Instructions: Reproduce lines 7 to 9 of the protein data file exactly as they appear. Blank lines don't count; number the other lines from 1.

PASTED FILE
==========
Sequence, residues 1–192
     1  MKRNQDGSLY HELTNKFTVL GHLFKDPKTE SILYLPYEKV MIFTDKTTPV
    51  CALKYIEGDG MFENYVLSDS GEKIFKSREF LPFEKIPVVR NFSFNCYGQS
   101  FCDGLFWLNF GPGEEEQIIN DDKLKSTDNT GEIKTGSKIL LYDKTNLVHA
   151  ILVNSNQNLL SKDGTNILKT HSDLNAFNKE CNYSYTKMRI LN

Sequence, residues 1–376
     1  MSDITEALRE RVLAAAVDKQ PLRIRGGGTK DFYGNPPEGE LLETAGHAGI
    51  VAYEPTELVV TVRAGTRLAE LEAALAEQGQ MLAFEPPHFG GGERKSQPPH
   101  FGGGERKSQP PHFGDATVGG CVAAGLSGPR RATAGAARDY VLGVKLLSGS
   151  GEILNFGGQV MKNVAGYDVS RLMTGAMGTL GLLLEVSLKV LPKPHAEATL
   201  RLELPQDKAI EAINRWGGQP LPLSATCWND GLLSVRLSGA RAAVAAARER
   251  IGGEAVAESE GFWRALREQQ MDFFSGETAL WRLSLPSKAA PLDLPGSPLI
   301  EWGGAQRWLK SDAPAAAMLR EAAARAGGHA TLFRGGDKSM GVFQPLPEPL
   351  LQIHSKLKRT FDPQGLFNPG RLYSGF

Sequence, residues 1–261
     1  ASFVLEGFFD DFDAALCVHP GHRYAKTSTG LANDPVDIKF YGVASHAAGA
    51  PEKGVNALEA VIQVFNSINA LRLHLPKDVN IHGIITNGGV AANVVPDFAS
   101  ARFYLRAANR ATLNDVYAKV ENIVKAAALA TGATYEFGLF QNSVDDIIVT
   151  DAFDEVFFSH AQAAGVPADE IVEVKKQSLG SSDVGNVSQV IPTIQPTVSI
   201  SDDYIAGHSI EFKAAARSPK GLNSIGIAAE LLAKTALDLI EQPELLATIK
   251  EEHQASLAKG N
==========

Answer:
     1  MSDITEALRE RVLAAAVDKQ PLRIRGGGTK DFYGNPPEGE LLETAGHAGI
    51  VAYEPTELVV TVRAGTRLAE LEAALAEQGQ MLAFEPPHFG GGERKSQPPH
   101  FGGGERKSQP PHFGDATVGG CVAAGLSGPR RATAGAARDY VLGVKLLSGS